Written by: Ravi Bains

The health care industry has progressed almost a decade in one year due to the COVID-19 pandemic. Now, there are new policies in place in order to create an environment in which we can practice medicine safely, serve the community, and stand true to our identity as an urgent care center.

One can even argue that it has been tougher for urgent care centers in the beginning phases as we stayed open to serve our community and facilitate care, all while keeping our staff safe during the stressful time fighting the odds with an unknown virus.

Our mission was to keep the load off the emergency rooms (ER) by evaluating and testing for COVID-19 patients with mild symptoms. Our providers educated patients on CDC guidelines and navigated patients to quarantine at home or to go to the ER, if medically necessary.

In our own way, we tried to be a deciding pathway for COVID-19 positive patients to either go home with proper instructions to quarantine and care for themselves, or go to the ER for further evaluation.

The initial strategy that we implemented to limit points of contact with hands or items was doing paperless registration. Paperless, contactless documents and consent forms were not being utilized as often as they should have been in a lot of clinics, including our own. This tool has increased efficiency internally at the front desk and with the medical staff, since they get an insight on what services the patients are coming in the clinics for. This tool has raised patient satisfaction as well, since they fill out forms in the comfort of their own homes. Registration and insurance verification are completed by the time they come into our clinic, which means less time in the waiting room.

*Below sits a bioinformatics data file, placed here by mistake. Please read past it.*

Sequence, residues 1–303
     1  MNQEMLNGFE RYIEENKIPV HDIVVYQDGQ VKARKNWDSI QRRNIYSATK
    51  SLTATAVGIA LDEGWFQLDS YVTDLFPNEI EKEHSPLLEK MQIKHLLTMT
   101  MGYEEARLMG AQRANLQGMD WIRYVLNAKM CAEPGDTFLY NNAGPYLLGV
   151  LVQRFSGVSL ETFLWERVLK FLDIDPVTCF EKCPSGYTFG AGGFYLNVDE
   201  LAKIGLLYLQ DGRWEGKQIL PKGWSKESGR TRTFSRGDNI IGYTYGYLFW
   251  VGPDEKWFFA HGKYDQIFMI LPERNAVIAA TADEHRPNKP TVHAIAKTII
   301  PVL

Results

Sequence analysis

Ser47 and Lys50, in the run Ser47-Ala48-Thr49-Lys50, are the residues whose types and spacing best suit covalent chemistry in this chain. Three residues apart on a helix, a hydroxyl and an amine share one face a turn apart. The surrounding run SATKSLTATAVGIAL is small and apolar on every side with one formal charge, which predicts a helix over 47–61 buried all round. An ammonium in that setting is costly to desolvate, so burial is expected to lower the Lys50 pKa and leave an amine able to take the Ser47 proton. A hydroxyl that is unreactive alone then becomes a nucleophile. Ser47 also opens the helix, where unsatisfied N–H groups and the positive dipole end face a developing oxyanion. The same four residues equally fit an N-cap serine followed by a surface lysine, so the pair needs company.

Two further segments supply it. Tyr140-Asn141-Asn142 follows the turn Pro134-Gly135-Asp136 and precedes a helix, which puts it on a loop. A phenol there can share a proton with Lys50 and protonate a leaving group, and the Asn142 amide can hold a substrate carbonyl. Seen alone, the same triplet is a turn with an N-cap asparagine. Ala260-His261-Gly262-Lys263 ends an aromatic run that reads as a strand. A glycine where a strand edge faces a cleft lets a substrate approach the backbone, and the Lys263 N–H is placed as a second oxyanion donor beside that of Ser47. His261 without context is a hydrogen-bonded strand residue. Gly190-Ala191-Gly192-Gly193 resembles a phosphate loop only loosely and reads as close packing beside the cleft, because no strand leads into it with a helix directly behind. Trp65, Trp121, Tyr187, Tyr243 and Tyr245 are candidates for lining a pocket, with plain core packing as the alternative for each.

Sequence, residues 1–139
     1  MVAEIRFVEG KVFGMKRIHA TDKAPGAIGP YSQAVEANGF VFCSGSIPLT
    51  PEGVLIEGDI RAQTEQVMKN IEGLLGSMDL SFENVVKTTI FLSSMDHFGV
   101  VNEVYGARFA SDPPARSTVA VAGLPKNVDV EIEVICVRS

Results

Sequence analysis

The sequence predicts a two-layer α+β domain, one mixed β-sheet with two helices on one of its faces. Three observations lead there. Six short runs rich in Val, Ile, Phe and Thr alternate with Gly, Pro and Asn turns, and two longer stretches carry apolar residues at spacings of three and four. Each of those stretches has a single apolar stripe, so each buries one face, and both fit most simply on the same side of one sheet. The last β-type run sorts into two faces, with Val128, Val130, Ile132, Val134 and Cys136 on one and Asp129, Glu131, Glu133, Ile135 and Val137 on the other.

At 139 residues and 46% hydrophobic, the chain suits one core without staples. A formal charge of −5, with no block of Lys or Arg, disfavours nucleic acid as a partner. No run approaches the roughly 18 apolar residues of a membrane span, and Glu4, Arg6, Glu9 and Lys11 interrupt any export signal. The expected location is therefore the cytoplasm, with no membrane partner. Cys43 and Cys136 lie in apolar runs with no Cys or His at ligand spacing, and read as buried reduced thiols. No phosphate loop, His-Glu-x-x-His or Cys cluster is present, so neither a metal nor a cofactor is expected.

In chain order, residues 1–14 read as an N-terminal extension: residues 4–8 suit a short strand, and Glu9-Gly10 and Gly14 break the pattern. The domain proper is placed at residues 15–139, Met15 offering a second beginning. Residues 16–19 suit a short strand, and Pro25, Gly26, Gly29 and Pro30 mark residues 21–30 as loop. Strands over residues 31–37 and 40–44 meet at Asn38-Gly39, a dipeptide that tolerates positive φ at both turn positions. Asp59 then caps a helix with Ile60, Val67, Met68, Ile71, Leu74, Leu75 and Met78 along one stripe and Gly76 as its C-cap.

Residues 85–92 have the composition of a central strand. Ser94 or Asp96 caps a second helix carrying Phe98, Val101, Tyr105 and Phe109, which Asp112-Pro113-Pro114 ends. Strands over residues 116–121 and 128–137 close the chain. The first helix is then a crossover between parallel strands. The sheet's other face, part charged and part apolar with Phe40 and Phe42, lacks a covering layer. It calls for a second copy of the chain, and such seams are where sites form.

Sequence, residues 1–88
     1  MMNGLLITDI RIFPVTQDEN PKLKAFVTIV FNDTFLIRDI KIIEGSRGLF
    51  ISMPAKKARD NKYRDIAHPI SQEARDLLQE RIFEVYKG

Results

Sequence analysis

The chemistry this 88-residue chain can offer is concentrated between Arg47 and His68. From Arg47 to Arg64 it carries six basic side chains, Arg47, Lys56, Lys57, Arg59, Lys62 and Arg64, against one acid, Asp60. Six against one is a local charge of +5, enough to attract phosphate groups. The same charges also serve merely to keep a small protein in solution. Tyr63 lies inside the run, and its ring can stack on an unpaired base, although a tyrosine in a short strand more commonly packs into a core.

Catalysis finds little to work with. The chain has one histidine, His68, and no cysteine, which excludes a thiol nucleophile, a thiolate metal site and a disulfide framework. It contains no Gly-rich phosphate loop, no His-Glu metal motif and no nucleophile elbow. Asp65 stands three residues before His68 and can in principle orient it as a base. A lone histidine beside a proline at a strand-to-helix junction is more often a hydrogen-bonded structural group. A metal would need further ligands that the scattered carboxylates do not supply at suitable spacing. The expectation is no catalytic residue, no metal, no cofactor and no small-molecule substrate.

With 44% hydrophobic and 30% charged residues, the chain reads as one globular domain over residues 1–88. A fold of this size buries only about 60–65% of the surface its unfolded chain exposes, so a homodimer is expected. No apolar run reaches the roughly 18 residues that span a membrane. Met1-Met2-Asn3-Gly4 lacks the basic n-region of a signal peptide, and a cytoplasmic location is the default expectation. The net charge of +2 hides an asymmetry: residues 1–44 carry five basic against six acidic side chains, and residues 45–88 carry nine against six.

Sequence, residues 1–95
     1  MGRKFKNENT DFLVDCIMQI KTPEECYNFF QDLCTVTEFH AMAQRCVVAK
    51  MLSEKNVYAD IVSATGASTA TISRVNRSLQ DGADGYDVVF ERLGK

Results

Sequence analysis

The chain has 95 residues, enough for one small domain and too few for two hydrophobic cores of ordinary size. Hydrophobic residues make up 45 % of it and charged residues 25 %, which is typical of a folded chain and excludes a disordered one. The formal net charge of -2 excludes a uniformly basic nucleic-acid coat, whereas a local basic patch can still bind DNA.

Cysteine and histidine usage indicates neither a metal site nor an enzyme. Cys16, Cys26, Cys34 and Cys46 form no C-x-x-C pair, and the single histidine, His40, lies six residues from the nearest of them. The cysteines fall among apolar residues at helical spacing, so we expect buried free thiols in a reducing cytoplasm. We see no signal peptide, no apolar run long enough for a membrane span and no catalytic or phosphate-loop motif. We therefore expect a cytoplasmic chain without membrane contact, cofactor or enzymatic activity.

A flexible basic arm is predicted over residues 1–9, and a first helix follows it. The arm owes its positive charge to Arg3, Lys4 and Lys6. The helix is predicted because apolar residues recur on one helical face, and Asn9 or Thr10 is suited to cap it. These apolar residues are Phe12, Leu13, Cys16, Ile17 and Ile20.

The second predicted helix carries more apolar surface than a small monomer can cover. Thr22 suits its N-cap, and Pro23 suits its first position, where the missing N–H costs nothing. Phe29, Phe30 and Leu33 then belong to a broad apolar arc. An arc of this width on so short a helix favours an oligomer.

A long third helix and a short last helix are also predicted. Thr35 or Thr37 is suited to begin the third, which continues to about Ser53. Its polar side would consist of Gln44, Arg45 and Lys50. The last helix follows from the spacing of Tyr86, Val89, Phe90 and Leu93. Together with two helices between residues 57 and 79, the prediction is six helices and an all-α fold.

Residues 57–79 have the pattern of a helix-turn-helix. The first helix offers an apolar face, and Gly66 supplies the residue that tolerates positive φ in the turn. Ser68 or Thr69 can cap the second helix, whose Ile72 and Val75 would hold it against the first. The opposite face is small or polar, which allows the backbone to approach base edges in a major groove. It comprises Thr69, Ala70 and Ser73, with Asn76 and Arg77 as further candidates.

Telemedicine or telehealth, without a doubt, has exponentially took off as a mode to practice medicine in the past year. That is mostly due to insurance restrictions being lifted. Insurances have since approved telemedicine reimbursements and rules during the pandemic and the world was able to benefit of the use of medical care through video visits.

Finally, we expanded our offerings to curbside COVID-19 testing/evaluations. This was mainly to lower the spread of the virus, and offer diagnosis capability that adds to patient care and community public health data.

What's next?

Some questions worth exploring now and in the future are...

Is curbside testing a new initiative for future urgent care drive-thru options when diagnosing minor illnesses?

Are we going to stay in an accelerated mode or relax as the pandemic ceases and go back to our traditional practice, where patients could be waiting in the waiting room for a straightforward testing (such as a strep test)?

Will we continue to cater to patients who prefer to get evaluated and seen curbside/drive-thru for their minor illnesses after the pandemic is behind us?

All of these decisions will surely depend on what makes medical services efficient without compromising patient care.